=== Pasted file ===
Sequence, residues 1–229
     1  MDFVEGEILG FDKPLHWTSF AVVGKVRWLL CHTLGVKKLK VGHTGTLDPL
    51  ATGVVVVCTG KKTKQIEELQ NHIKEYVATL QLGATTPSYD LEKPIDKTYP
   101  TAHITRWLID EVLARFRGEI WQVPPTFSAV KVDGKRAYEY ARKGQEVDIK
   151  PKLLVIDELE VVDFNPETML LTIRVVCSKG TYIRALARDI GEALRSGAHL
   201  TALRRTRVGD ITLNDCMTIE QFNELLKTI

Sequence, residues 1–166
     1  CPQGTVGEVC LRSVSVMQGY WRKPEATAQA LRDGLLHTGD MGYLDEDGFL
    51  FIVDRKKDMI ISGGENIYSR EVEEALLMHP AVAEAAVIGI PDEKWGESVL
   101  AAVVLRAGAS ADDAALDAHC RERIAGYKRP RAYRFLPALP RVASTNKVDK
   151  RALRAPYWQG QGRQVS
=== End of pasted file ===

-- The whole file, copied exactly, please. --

Sequence, residues 1–229
     1  MDFVEGEILG FDKPLHWTSF AVVGKVRWLL CHTLGVKKLK VGHTGTLDPL
    51  ATGVVVVCTG KKTKQIEELQ NHIKEYVATL QLGATTPSYD LEKPIDKTYP
   101  TAHITRWLID EVLARFRGEI WQVPPTFSAV KVDGKRAYEY ARKGQEVDIK
   151  PKLLVIDELE VVDFNPETML LTIRVVCSKG TYIRALARDI GEALRSGAHL
   201  TALRRTRVGD ITLNDCMTIE QFNELLKTI

Sequence, residues 1–166
     1  CPQGTVGEVC LRSVSVMQGY WRKPEATAQA LRDGLLHTGD MGYLDEDGFL
    51  FIVDRKKDMI ISGGENIYSR EVEEALLMHP AVAEAAVIGI PDEKWGESVL
   101  AAVVLRAGAS ADDAALDAHC RERIAGYKRP RAYRFLPALP RVASTNKVDK
   151  RALRAPYWQG QGRQVS